A possible explanation for the difference in findings between these studies and the MASTER Trial is the influence of unblinded assessment of outcomes. Studies of the outcome of epidural anesthesia are open unless their protocol includes a sham epidural catheter, an option we rejected on ethical grounds, as have most previous investigators in this field. However, we largely eliminated observer bias from our study by moving decisions about end-points away from our clinical sites to assessors at the trial headquarters who used strict assessment algorithms and were blinded to treatment group allocation.

Another criticism of the design of many previous randomized trials examining the influence of epidural analgesia on perioperative outcome has been inadequate sample size, resulting in underpowered studies. For instance, the average size of the 141 trials included in the meta-analysis of Rodgers et al. (1) was 67 subjects. Furthermore, incremental advances in many aspects of perioperative care over the last 30 years may make it more difficult to now demonstrate a major improvement in outcome from any one treatment modality.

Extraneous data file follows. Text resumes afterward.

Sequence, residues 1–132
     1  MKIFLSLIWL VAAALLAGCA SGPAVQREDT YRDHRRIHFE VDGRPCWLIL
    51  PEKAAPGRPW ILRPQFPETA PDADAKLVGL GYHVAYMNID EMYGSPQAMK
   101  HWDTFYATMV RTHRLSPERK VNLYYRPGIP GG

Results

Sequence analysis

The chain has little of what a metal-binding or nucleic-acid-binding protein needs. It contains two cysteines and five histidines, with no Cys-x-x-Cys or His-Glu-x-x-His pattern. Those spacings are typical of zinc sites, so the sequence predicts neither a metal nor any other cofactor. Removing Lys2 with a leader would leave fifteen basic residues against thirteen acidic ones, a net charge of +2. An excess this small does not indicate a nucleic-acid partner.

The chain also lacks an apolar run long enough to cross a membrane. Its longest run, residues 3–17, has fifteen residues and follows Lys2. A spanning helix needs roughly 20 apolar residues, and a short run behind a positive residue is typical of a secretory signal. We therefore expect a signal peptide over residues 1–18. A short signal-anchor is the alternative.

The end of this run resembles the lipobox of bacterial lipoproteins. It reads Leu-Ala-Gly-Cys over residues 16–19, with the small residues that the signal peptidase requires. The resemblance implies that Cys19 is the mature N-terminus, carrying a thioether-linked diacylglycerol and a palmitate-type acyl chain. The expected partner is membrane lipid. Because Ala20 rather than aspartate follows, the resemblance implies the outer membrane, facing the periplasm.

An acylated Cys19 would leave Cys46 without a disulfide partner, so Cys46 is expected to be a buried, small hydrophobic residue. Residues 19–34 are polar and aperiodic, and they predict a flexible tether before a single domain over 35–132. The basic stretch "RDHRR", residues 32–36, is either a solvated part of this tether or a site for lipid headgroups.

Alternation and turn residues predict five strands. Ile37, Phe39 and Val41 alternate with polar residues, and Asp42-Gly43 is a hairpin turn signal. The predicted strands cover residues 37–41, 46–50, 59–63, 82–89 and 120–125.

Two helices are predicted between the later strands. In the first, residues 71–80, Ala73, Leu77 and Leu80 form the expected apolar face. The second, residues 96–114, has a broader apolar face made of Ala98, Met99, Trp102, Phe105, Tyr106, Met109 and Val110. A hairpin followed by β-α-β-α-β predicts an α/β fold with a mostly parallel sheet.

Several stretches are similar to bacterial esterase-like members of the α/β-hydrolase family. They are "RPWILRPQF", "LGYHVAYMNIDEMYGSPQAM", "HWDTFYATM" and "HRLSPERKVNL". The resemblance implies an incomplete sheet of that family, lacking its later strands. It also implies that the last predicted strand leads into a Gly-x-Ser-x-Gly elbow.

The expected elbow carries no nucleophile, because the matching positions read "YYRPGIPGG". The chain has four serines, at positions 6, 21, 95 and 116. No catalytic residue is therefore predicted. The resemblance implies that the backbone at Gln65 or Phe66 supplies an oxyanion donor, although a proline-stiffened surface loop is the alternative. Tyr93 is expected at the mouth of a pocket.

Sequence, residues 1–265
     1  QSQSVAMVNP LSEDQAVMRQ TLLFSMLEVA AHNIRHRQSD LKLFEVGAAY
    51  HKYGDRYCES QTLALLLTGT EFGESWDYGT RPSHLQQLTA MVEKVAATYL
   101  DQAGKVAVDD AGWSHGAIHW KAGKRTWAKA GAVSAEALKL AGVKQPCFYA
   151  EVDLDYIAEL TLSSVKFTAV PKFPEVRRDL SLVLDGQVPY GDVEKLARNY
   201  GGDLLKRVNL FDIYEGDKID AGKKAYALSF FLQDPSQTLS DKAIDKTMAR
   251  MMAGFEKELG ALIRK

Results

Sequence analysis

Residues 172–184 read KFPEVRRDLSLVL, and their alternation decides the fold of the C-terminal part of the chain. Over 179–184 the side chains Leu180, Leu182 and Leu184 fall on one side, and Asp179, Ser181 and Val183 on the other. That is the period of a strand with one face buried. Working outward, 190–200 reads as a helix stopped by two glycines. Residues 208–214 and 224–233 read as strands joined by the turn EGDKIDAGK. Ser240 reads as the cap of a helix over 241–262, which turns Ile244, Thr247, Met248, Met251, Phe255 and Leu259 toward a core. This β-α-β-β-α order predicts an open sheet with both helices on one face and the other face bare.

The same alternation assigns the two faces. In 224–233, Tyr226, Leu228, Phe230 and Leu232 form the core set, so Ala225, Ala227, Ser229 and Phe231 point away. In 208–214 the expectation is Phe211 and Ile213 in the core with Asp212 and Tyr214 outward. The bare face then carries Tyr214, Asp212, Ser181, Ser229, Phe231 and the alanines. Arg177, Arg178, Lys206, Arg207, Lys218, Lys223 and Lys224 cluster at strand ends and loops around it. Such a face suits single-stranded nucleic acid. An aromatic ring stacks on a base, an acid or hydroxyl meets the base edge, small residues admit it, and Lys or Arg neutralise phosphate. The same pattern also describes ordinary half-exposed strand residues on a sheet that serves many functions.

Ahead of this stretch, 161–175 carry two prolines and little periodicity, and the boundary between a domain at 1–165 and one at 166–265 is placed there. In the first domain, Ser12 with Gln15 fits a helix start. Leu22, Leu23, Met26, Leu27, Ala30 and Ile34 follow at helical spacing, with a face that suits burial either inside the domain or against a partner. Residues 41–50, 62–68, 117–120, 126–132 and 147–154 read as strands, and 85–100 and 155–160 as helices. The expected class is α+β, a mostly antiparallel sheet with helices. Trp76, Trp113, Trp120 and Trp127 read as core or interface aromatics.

The design of the MASTER Trial followed the recommendations of Yusuf et al. (11) on the requirements for reliable RCTs in clinical medicine. It measured clinically important end-points (major morbidity and mortality) and was designed to achieve sufficient statistical power to be able to detect a modest difference in the occurrence of these end-points between control and epidural groups. This was achieved by selecting patients at high risk of perioperative complications. The sample size of 888 patients provided more than 80% power to detect a clinically important absolute difference of 10% in the incidence of end-points where the baseline frequency was 50%. The frequent incidence of major complications in our sample confirmed that this power was exceeded for the combined end-point.